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REPORT OF THE SUPERVISOR OF THE GLACIER NATIONAL
DEPARTMENT OF THE INTERIOR,
GLACIER NATIONAL PARK,
Belton, Mont., September 28, 1915. SIR: I have the honor to submit the following report on Glacier National Park for 1915:
The Glacier National Park was established by the act of Congress approved May 11, 1910 (36 Stat. L., 354), and is located in northwestern Montana. It embraces over 1,400 square miles of the Rocky Mountains and adjacent territory, extending north from the main line of the Great Northern Railway to the Canadian border. The eastern boundary is the Blackfoot Indian Reservation, and the western boundary is formed by the Flathead River. The park, which is irregular in shape, has an area of approximately 915,000 acres. Its greatest length in a northwesterly-southeasterly direction is about 60 miles with a maximum width approaching 40 miles.
Within its borders are attractions for the scientist, nature lover, and tourist unsurpassed in any country in the world, tourists of world-wide experience pronouncing it the Switzerland of America. The elevations in the park range from 3,100 feet to over 10,400 feet. The central portion of the area on the northwestern-southeastern axis is high and rugged and in sharp comparison with the open plains of the east and the valley of the Flathead River on the west. Within its confines are 60 active glaciers, these ice sheets being the sources of beautiful cascades and roaring mountain streams flowing into innumerable clear placid lakes for which the park is famed, the most noted of these being Lake McDonald, Lake St. Mary, Lake Ellen Wilson, Iceberg Lake,
Red Eagle Lake, Kintla Lake, Bowman Lake, Waterton Lake, Logging Lake, Quartz Lake, Harrison Lake, and Two Medicine Lake.
Lake McDonald, the southern end of which is situated 27 miles from Belton, a station on the main line of the Great Northern Railway, is one of the most beautiful lakes in America. It is about 3,150 feet above sea level, nearly 10 miles long, 2 miles wide, and surrounded by mountains covered with virgin forests of western larch, cedar, white pine, Douglas fir, spruce, and hemlock. Upper Lake St. Mary is on the eastern side of the mountains about 32 miles northwest of Glacier Park station. It is about 10 miles long, with a maximum width of 1 mile, and toward the upper end the mountains rise in rugged walls not far from the water's edge. Its elevation is about
4,470 feet above sea level. The principal glaciers in the park are Blackfoot, Grinnell, Harrison, Pumpelly, Red Eagle, Sperry, Kintla, Agassiz, Chaney, Rainbow, and Carter. In most of the lakes of thi park there is excellent fishing at certain times of the year, and at others many streams afford fine sport with hook and line. Within the park boundaries there are many varieties of game which are indigenous to this section of the country, such as bear, elk, moose, deer, bighorn sheep, mountain goat, mountain lion, as well as the smaller furred animals of the forest.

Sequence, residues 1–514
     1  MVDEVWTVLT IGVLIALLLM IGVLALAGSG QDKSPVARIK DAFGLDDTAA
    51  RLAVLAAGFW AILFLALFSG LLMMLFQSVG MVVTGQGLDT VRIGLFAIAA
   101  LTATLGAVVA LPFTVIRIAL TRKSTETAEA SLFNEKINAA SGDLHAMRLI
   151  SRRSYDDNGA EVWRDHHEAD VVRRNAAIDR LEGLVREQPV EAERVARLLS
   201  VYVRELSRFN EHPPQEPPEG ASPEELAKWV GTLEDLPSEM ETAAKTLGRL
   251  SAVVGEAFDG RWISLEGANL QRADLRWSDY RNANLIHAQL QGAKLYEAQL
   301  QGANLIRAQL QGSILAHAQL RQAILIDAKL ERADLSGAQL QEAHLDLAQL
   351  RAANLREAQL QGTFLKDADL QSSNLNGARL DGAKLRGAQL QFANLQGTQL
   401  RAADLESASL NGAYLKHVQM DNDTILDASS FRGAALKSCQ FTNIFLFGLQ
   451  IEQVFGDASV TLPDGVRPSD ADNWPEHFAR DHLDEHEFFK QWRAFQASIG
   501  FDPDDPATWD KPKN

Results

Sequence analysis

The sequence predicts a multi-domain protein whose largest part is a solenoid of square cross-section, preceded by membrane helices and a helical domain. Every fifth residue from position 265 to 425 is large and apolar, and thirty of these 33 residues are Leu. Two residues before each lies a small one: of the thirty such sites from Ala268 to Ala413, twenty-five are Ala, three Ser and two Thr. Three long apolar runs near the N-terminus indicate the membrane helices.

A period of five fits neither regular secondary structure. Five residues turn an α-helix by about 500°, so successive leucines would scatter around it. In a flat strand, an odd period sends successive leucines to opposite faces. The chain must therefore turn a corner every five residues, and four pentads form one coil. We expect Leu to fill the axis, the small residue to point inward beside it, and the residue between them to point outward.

There are now approximately 78 miles of road within the park available for vehiclo transportation.
St. Mary-Babb Road.—This road extends from St. Mary camp to the foot of the Lower St. Marys Lake, a distance of approximately 10 miles. Work was commenced on this road August 3' reported in my last annual report, since which time the roau graded to a minimum width of 14 feet and a maximum width of 20 feet. Additional drainage was installed and 520 yards of the road has been graveled.
Two Medicine Road.Four thousand nine hundred and nine fer was cleared 30 feet wide and graded to a width of 16 feet at a cost of $3,800.
Many-Glacier Highway.—Work of repairing this road started on April 28, 1915, and three teams and five men were employed on this road until the close of the last fiscal year. Approximately 5 miles of road was repaired and 6 new culverts were installed and drain ditches opened up. On July 19, 1915, the new work of graveling was started on this road and an average of 12 teams and 15 men were employed; 1,668 yards of the road has been graveled up to date. Two teams and four men were employed cleaning out drains, repairing road for graveling, and putting in culverts from July 20 to September 14, 1915.
On the Many-Glacier Highway between the park line and the St. Mary River, outside of the Glacier National Park, an average of 27 teams and 35 men were employed on this road since July 27 hauling and spreading gravel, cleaning drain ditches, and installing culverts
. Approximately 5,000 yards of gravel has been delivered and spread upon the road up to date.
Divide Creek Road—New drainage has been provided for this road and heavy slides removed from the grade at Divide Creek. Three hundred and eighty yards of the road has been resurfaced with gravel. Grader and drag has been placed upon the road after every heavy rain to keep it in repair.
Cut Bank Road.— The Cut Bank Road from the park line to the main traveled automobile road has been kept in repair. Eighteen new culverts have been installed and road has been graded approximately 3 feet wider for a distance of 4 miles. The repair work on this road was done out of the $1,000 allotted by the Department out of the 1916 Glacier National Park appropriation.
Lower Two Medicine Road.--This road extends from the park line to the main traveled automobile road. Approximately 3 miles of the road was repaired, culverts installed, grading and graveling work